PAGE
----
At the time, when she started dating Hridhaan, it appeared so insignificant, this little girl in a pink polka dress called Trina, who appeared to be as cute as a Barbie. There were no reservations in Amaya’s mind about the love Hridhaan had for his plastic daughter, because fathers loved their daughters, no matter how plain or boring they turned out to be. But Latika was rumoured to be manly, with a moustache and un-waxed arms. It annoyed her to imagine Hridhaan would continue to prolong his own agony despite living in a sham of a marriage, just to be a good man. It was ironical that he had spent a larger part of his life in France, mainly Paris, where he was surrounded by beautiful women.
Hridhaan never offered any explanations for anything during the first year of their affair. He didn’t exactly promise a life-long relationship or a love marriage, but nor did he dismiss Amaya’s day dreams of setting up their home together. Amaya’s restlessness grew bit by bit, soon after Trina’s ninth birthday, and then his subsequent, infamous, holiday to Angor Vat in Cambodia with his family broke the reservoirs of patience that she had solemnly held to her chest. Amaya outburst crackled with rage and humiliation. The practiced calm and courage flew out of the window and for the first time since her affair, she felt naked, used, abused and cheapened by her own hands, for not having given the whole married life routine of her man any attention or importance until now. She kept saying, “How could he do this to me?” over and over again to herself, her reflection in the mirror an alien image of humiliation and disbelief.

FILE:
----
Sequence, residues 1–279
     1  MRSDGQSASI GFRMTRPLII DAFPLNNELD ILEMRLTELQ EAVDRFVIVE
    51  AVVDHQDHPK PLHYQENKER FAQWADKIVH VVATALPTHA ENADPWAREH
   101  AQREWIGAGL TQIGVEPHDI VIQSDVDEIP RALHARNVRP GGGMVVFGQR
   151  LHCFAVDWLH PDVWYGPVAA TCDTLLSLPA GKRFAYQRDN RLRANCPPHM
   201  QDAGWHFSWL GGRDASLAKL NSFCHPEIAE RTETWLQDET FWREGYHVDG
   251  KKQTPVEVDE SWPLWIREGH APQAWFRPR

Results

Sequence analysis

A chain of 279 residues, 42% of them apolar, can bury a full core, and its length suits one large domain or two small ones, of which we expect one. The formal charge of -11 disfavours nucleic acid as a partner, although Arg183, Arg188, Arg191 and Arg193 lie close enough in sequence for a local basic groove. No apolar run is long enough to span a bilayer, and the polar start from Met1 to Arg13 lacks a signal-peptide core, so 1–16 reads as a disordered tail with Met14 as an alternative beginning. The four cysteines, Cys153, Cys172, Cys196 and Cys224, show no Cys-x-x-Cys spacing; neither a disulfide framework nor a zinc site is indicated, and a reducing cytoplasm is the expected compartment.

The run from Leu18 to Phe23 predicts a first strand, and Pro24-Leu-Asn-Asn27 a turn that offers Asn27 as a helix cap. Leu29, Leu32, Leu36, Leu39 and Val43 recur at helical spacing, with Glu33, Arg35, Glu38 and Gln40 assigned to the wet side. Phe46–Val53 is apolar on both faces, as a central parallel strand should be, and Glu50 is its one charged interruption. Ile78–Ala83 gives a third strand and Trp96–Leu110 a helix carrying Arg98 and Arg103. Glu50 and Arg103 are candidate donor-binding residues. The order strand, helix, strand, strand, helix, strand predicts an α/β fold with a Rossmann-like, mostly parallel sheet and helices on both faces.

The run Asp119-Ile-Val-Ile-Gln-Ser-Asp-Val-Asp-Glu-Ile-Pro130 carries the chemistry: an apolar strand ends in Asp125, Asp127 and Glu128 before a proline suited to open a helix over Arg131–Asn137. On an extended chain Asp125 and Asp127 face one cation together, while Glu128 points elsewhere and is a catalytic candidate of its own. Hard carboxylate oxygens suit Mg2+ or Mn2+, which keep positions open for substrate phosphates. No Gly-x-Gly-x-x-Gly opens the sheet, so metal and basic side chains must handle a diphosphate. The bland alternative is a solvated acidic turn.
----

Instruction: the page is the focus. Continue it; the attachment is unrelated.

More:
After two years, she was certain that her relationship with Hridhaan could never be without conditions, until and unless he found the courage or the will to walk out on Latika and ask for joint custody of Trina. Her illusions shattered like frail glass, dashed on a black marble floor, invisible yet crunching below her feet, mocking her mercilessly and reminding her that the fine education and high position she held in a top job didn’t compare with plain old common sense, like her grandmother’s, which she clearly lacked.